What are Unsecured Debts?
I’m hungry. But I have no cash. And the Halal cart on the corner only takes cash. So, I went to my coworker and I asked her to borrow $10 to pay for a falafel platter. She handed me $10, I bought my food, and then I never paid her back. What is her recourse? Nothing. Nothing except for telling everybody else in the office that I am a deadbeat. That $10 is unsecured debt. It is that simple.
Compare that to this: I ask her to borrow the $10, and tell her that I am going to leave my autographed Kansas City Royals baseball card with her until I pay her back. If I do not pay her back, she keeps the card. That is secured debt – debt secured by some piece of property (otherwise known as collateral on the loan).
Sounds simple enough, right? So how do secured and unsecured debts play into an individual’s greater financial picture? And how do they play into a potential bankruptcy filing?
Examples of Secured Debt
The most important and financially impactful debt tends to also be secured debt. Examples include mortgages, car loans, and perhaps even small business loans if they are backed by some sort of collateral. If you’ve ever heard stories of a risky farmer or entrepreneur getting a loan from the bank on the basis of their house to pay for the next round of crops or products, that is secured debt.
For most people, secured debt basically means their home and their car. If you do not pay the mortgage, the lender can force a sale of your house via foreclosure. And if you don’t pay your car loan, the repo man will come by and take your car.
For most people, this is also the most important debt when it comes to bankruptcy. They may be willing to give up other assets, but need a place to live and a reliable vehicle to get to work. While a secured creditor cannot chase you down for payment while your bankruptcy filing is pending, they can still foreclose upon the property or repossess it after the bankruptcy case is over. It is also possible, depending on how much equity is in the property and whether it is exempt, the bankruptcy court trustee may force the sale of the property. For example, if your house is worth $20 million and your mortgage is only $200,000, but you owe $18 million to other creditors, the court will likely force the sale of your house in order to pay off some of that $18 million – after paying off the balance of your mortgage, of course.
There are exemptions in bankruptcy cases that will protect some of your property, such as a house up to a certain value and a car. But don’t expect to keep a $20 million dollar mansion or a Lamborghini – these exemptions are meant to apply to necessities, and accordingly, there are limits to the value of these exceptions.
Assuming your secured property is exempt from the bankruptcy court filing, and you want to keep it after the bankruptcy case is resolved, most lenders will negotiate with you and allow you to catch up on any past due balances and “redeem” your mortgage or car note.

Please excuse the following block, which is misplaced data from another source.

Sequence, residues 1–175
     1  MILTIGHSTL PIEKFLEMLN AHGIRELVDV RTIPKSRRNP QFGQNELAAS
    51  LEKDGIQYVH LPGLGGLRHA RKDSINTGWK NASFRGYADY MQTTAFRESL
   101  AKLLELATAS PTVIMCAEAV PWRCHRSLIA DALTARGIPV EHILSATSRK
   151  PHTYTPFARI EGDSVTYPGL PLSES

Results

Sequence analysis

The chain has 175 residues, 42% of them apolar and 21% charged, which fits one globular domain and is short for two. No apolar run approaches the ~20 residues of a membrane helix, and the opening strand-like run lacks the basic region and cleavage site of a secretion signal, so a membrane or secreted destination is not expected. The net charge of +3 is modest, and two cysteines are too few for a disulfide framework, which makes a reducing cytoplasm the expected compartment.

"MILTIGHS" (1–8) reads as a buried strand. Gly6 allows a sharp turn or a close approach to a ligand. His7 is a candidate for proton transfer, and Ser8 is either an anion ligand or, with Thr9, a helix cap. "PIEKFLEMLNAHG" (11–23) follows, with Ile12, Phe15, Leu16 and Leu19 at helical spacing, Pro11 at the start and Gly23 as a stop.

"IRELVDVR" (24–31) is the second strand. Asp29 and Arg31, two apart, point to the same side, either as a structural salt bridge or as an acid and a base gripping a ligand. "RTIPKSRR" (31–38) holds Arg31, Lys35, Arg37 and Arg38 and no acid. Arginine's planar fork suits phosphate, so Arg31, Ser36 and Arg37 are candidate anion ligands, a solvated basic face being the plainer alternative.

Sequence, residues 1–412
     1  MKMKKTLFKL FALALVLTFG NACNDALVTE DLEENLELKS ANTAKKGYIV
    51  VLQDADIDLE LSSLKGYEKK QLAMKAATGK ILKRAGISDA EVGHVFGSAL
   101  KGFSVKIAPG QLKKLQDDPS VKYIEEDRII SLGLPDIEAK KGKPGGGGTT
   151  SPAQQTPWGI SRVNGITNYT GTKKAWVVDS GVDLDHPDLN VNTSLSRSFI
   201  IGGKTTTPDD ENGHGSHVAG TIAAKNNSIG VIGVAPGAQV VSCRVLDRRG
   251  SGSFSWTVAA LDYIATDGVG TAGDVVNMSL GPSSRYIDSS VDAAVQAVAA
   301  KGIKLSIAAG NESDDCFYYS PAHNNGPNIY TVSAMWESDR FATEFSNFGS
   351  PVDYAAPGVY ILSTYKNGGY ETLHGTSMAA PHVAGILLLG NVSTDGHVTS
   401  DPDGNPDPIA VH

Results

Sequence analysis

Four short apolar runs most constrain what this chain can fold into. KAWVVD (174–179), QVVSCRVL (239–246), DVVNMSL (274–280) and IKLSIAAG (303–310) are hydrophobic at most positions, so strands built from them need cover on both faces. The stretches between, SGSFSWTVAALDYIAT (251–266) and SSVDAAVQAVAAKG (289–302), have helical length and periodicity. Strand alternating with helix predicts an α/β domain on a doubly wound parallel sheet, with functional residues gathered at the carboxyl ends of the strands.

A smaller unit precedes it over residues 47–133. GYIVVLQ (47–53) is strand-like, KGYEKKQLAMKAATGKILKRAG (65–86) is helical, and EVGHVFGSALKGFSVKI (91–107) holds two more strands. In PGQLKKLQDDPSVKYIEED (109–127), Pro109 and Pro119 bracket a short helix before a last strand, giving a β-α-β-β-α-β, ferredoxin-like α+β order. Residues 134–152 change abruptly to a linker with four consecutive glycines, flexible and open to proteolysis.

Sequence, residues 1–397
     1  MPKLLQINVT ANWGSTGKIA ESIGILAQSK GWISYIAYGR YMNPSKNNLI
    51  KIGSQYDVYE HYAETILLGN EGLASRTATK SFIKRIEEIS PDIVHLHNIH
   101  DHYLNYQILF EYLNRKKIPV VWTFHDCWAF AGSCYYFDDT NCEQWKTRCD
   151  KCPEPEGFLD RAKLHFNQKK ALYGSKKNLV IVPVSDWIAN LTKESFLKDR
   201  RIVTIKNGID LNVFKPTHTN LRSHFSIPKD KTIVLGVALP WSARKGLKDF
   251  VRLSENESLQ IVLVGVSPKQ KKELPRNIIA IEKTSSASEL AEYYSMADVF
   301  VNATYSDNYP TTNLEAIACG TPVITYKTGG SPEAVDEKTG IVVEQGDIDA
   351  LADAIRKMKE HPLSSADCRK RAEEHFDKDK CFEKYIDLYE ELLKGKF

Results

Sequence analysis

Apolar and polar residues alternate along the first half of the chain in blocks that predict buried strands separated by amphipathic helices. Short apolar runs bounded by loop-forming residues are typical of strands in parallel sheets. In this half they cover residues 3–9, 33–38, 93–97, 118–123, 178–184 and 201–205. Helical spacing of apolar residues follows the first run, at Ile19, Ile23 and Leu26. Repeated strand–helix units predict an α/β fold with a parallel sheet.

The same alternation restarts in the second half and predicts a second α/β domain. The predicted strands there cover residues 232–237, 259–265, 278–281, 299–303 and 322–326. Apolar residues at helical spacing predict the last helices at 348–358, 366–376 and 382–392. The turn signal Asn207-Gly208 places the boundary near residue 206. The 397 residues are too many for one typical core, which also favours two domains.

What About Unsecured Debts?
Unsecured debt is what bankruptcy is all about. These are your personal loans, credit card balances, medical bills, past due utility bills, things like that. The creditor cannot recover from you by taking back the property – while we could certainly imagine some debt collectors trying to re-possess a body part for an overdue medical bill, it’s not legal to do so — so their interest in your bill is unsecured.
The recourse for a lender with an unsecured debt is to file a court case and try to get a judgment against you. Once they have that judgment, they can garnish wages, levy bank accounts, or try to put a lien on your property (depending on whether state law allows such things).
If you file bankruptcy while carrying a lot of unsecured debt, you may not get relief from all of it: priority debts, for one, will likely be paid and may not be dischargeable at all. Some examples of these include tax debt, alimony, and child support.
Student loans are an example that many people think are not dischargeable. And they are certainly unsecured – they can’t repossess your diploma. But it is actually a myth that student loan debt is nondischargeable, even if it is extremely hard to discharge it. Discharging student loan debt requires a special showing of an extremely large burden in keeping up with student loan payments, such as a disabled borrower who cannot longer make payments or someone who has tried repeatedly to pursue their career and only makes enough to cover rent, without extra income to to cover thousands of dollars in student loan payments each month.
For most other unsecured debt, such as payday loans, you stand a much better chance of discharging these debts in bankruptcy. The bankruptcy trustee will order the liquidation of any of your excess assets, such as extra cars, and will use that money to pay off the priority debts first, and some of your unsecured debt after that. But, once all the liquidated funds are exhausted, the rest of the debt under a Chapter 7 filing is wiped clean. (Most people file Chapter 7, while Chapter 13 handles debt very differently – it is more of a repayment plan than debt elimination).
Will Bankruptcy Help With Your Debt?
If you were looking at bankruptcy as a means to eliminate some of your past due debt or to stop the harassing phone calls of debt collectors, it may very well be the answer that you are looking for. The best first step you can take is to outline all of your assets and debts that you can find, including checking your credit report for past due bills that you may have missed. Take this information and discuss your situation with an experienced bankruptcy attorney to find out which debts and assets will be lost in the bankruptcy proceeding, and what can be preserved to help you get a head start on your new financial life after bankruptcy.